In 1997 a study that spanned across five Flemish universities was conducted as an attempt to determine how a student’s personality would affect their rate of success in medical school. Success was measured in the classroom and in practice as well. Researchers were able to show that success rates did indeed differ based on a student’s personality (Lievens et al. 2009). More recently in 2010 a retrospective study at the Saint Louis School of Medicine was conducted to assess student medical school performance during the first three years of medical school. What the researchers found was identical to what was found over a decade prior: medical student performance varied based on their personality type. The study concluded that medical school admission should be adjusted with the addition of personality examinations, due to its importance as an accurate gauge and predictor of future performance (Haight al. 2012). 
While research has shown that personality testing does indeed determine performance, could there be an alternative explanation for why physicians are not scrutinised to the same degree as airline pilots? According to a census conducted by the Federation of State Medical Boards in 2012, there were approximately 878,194 practising physicians in The United States (Young et al. 2014). given that the Affordable Healthcare Act aims to provide coverage to approximately 32 million additional people by the year 2019, compounded by the fact that the average age of practising physicians is 51 years old, and the finite pipeline for future physicians shows an alarming shortage for physicians within the workplace (Young et al. 2014; Deparle 2010; Florence 2011). Could the need created by so many new patients, the unknown cost, or the lack of measurable benefit be determinates of why organisations do not require personality profile testing as an additional assessment during the physician hiring process?

Defining Personality Tests and Test Types 

There are numerous personality profile tests that exist in the market. Many are considered to be broad, and simply measure personality from a very wide perspective. One of the more commonly known broad personality tests is the Myers-Briggs personality test. Other more specific personality tests can be taken to look at a particular trait of a person. A common personality test that exists is the Dominance, Inducement, Submission, and Compliance (DiSC) assessment profile that measures a person’s communication behaviours.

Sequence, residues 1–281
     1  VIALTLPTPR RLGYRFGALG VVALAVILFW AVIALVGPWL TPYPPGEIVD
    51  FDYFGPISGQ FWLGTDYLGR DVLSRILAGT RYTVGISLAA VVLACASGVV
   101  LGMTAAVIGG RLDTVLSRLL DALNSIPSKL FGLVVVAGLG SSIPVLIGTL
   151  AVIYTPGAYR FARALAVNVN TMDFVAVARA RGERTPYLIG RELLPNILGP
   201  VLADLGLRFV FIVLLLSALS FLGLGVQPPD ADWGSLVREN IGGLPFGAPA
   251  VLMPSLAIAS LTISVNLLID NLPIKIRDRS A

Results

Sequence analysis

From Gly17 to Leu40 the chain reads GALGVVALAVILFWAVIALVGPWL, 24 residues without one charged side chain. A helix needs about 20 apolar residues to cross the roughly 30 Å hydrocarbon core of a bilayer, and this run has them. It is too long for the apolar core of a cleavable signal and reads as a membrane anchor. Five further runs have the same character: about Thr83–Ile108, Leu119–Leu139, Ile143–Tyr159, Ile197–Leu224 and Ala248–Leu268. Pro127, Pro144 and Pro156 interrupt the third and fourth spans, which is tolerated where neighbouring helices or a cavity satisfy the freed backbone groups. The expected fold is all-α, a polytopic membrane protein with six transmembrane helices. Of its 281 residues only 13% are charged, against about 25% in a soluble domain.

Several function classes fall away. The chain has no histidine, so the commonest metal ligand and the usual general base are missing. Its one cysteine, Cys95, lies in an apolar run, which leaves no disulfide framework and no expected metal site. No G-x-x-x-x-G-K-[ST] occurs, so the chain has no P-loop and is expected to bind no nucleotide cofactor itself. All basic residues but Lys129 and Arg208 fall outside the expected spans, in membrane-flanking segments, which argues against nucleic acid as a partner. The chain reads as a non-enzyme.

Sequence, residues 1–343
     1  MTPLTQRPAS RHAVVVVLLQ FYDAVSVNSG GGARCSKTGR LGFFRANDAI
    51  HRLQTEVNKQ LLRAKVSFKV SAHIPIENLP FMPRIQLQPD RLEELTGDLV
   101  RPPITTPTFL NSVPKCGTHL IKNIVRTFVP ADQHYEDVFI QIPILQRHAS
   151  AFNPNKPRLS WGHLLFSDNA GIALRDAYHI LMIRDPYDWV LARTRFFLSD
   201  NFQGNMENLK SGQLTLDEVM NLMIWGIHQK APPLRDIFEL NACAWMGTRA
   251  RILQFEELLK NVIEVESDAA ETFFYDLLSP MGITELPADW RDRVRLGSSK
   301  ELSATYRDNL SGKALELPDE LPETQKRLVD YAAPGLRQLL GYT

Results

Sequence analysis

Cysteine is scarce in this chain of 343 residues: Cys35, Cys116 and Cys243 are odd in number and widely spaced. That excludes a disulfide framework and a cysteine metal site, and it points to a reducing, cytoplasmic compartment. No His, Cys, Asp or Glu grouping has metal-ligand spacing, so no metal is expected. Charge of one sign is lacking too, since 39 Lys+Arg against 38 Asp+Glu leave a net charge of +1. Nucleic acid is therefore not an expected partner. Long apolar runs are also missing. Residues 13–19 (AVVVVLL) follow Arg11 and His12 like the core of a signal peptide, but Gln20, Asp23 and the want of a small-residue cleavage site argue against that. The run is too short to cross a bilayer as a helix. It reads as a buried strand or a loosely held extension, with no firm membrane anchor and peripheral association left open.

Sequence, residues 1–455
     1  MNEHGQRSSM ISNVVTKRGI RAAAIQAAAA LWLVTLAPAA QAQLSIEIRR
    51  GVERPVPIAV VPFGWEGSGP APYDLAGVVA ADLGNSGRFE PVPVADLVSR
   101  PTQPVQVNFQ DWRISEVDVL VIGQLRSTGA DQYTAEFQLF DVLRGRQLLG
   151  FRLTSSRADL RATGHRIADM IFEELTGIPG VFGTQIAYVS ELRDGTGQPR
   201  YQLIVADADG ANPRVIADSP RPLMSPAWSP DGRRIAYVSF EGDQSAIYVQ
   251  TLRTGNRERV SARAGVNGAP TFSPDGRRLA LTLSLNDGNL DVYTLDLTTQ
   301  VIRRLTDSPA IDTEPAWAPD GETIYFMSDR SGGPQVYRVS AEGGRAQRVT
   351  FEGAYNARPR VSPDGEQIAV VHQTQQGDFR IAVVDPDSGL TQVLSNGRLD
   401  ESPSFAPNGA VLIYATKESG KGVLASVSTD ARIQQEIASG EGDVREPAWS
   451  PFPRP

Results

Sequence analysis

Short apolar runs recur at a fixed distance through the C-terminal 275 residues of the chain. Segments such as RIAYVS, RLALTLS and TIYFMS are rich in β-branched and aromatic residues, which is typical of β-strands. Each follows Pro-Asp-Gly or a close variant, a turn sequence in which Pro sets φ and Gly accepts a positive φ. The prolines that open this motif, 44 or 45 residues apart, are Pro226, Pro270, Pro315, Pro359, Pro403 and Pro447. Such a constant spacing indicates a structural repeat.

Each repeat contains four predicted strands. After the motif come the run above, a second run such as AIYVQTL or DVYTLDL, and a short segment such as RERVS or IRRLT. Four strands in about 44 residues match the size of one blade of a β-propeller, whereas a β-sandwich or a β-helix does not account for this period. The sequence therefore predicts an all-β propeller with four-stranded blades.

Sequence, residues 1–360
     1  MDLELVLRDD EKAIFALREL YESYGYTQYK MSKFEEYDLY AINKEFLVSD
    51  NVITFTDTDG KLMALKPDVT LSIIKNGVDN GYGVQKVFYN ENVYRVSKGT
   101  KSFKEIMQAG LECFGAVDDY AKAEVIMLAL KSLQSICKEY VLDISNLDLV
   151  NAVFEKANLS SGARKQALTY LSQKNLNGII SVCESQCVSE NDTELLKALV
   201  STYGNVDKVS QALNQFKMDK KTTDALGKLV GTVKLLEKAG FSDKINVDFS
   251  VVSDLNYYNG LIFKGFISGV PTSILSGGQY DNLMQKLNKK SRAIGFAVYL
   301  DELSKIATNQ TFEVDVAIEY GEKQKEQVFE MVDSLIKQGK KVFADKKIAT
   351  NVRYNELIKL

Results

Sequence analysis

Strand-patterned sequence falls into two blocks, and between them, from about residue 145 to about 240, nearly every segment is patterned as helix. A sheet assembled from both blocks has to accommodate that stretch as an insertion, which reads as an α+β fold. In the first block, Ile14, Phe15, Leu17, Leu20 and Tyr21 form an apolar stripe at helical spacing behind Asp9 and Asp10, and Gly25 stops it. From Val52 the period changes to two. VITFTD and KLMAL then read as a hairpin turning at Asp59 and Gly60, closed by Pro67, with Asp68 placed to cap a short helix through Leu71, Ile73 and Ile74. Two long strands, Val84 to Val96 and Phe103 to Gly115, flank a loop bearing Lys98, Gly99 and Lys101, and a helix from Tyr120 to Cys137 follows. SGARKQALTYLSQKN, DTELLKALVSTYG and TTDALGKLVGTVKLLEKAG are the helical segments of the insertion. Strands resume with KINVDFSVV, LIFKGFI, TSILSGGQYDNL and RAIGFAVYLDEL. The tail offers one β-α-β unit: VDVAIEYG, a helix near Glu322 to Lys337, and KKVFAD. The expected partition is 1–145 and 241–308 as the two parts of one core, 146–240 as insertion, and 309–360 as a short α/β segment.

Studies on personality traits and the methods used to determine these personalities in people have been researched for many years. It was not until a mother and daughter team by the name of Katharine Cook Briggs and Isabel Briggs Myers took existing research on personality and applied it to their own work on creating a formal assessment test that was to be used to help  women get careers in the 1950s. In 1962 they published the first ever personality questionnaire indicator that eventually became known today as the Myers-Briggs (Myers 1962). They saw this indicator as a way for women to better understand what jobs they would be the most proficient at during World War II. The test has evolved since its initial inception and is used by many different organisations in order to determine potential employee personalities as a determinate for cultural fit. 
The questions given on the Myers Briggs test are designed to determine how people view the world around them, and how they make decisions within that scope. Once the test has been taken, the individual will score within four dichotomies. 
  • Introverted or Extroverted; 
  • Sensing or Intuition; 
  • Thinking or Feeling; 
  • Judging or Perception.
The Myers-Briggs does not show that a person is either Introverted or Extroverted, but it shows what preference a person may have over the other, and it is not a measurement of a person’s aptitude. The majority of people that take the Myers-Briggs tend to maintain identical personality traits as they progress in age (OPP nd).